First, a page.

Theresa May was attempting to shore up her position in Number 10 by completing her Cabinet after a humiliating showing in the General Election left her authority as Prime Minister weakened.
He said: "I take responsibility for my part in this election campaign, which was the oversight of our policy programme".
Meanwhile, the Prime Minister has faced criticism for letting her advisers take the fall for the election.
He said the two were so close to the PM that critical MPs believed that, unless they made way, she would not be able to change her leadership style to adopt a more "outgoing, inclusive, responsive, empathetic approach".
Announcing his resignation on the Conservative Home website, Timothy urged Tory MPs to "get behind" May but said nothing should be allowed to get in the way of the process of forming a government and beginning Brexit talks.
In a statement after returning from Buckingham Palace, where she received the Queen's permission to form a government, May shrugged off a growing backlash in the Conservative Party, and said she would provide the "certainty" the country needed, The Guardian reported.
Charles Tannock, a Conservative member of the European Parliament, said the DUP was a "hardline, populist, protectionist" party and a "poor fit" as a partner for the Conservatives.
But he called reports that the policy was his brainchild "bizarre", saying: "It had been the subject of many months of work within Whitehall, and it was not my personal pet project".
"It's unacceptable for her to send sweary texts to cabinet ministers", said another member of the cabinet who described Hill telling a senior government figure to "fuck off".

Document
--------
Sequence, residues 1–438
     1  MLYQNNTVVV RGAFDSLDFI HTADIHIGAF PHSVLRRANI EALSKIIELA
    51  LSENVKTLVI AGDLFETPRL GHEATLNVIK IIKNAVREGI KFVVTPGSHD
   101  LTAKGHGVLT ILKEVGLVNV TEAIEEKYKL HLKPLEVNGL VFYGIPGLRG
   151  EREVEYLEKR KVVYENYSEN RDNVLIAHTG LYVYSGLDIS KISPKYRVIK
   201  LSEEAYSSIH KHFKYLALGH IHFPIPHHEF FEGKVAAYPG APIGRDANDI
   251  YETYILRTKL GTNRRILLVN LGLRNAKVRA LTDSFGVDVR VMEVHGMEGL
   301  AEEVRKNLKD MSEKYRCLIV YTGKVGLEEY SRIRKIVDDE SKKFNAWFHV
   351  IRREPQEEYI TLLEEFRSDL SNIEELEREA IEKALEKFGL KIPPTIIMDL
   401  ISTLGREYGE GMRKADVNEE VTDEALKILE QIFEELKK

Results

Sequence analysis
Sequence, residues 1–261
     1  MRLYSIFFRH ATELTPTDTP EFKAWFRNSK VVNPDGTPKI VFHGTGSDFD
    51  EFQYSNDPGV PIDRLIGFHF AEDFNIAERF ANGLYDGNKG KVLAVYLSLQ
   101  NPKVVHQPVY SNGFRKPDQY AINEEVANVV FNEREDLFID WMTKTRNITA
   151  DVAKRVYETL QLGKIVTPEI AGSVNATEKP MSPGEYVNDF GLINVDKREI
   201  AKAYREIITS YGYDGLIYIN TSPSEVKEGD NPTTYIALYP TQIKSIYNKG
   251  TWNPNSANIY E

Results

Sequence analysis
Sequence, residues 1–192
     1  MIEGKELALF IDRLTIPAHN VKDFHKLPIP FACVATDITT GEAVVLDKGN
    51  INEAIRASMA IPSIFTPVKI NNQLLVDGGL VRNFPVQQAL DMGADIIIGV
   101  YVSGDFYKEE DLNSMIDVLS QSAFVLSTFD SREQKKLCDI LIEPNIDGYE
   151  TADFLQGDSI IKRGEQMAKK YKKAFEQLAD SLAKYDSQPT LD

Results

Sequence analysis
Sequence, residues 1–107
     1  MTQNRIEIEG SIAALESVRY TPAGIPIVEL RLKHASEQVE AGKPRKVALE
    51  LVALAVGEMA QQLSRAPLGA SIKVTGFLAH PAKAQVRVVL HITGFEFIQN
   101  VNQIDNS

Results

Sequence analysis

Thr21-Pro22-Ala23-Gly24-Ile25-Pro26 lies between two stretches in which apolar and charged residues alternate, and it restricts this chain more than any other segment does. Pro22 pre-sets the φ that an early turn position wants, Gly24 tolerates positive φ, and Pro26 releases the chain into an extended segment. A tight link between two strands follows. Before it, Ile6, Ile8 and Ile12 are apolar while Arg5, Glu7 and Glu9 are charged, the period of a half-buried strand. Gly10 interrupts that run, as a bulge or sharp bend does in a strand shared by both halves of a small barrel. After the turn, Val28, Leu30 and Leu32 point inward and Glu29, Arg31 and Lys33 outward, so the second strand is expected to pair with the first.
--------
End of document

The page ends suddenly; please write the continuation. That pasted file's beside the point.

Timothy had been widely blamed for the social care plan, over which May was forced to backtrack in the middle of the election campaign following signs it was hitting the party's core support.
May is now looking to rule the country with less than 50% of seats in Parliament's House of Commons, and is banking on support from the DUP to be the ally that helps her party push its agenda through Parliament.
In a short statement, Ms Hill said it had been "a pleasure to work with such an excellent Prime Minister".
Scottish Tory leader Ruth Davidson said she had demanded a "categoric assurance" that gay rights would not be affected by a deal with the DUP, which strongly opposes marriage equality.
'They only really know one way to operate - and that is to have enemies and I'm sure I'm one of them this morning'.
May came under fire during the campaign for the controversial policy on the cost of care for the elderly, dubbed the "dementia tax", and for making several U-turns on social care.
Mrs May was working on a Cabinet reshuffle, although the election result makes it less likely she will risk alienating colleagues by making wholesale changes as she can not afford to have disgruntled former ministers sniping at her from the backbenches.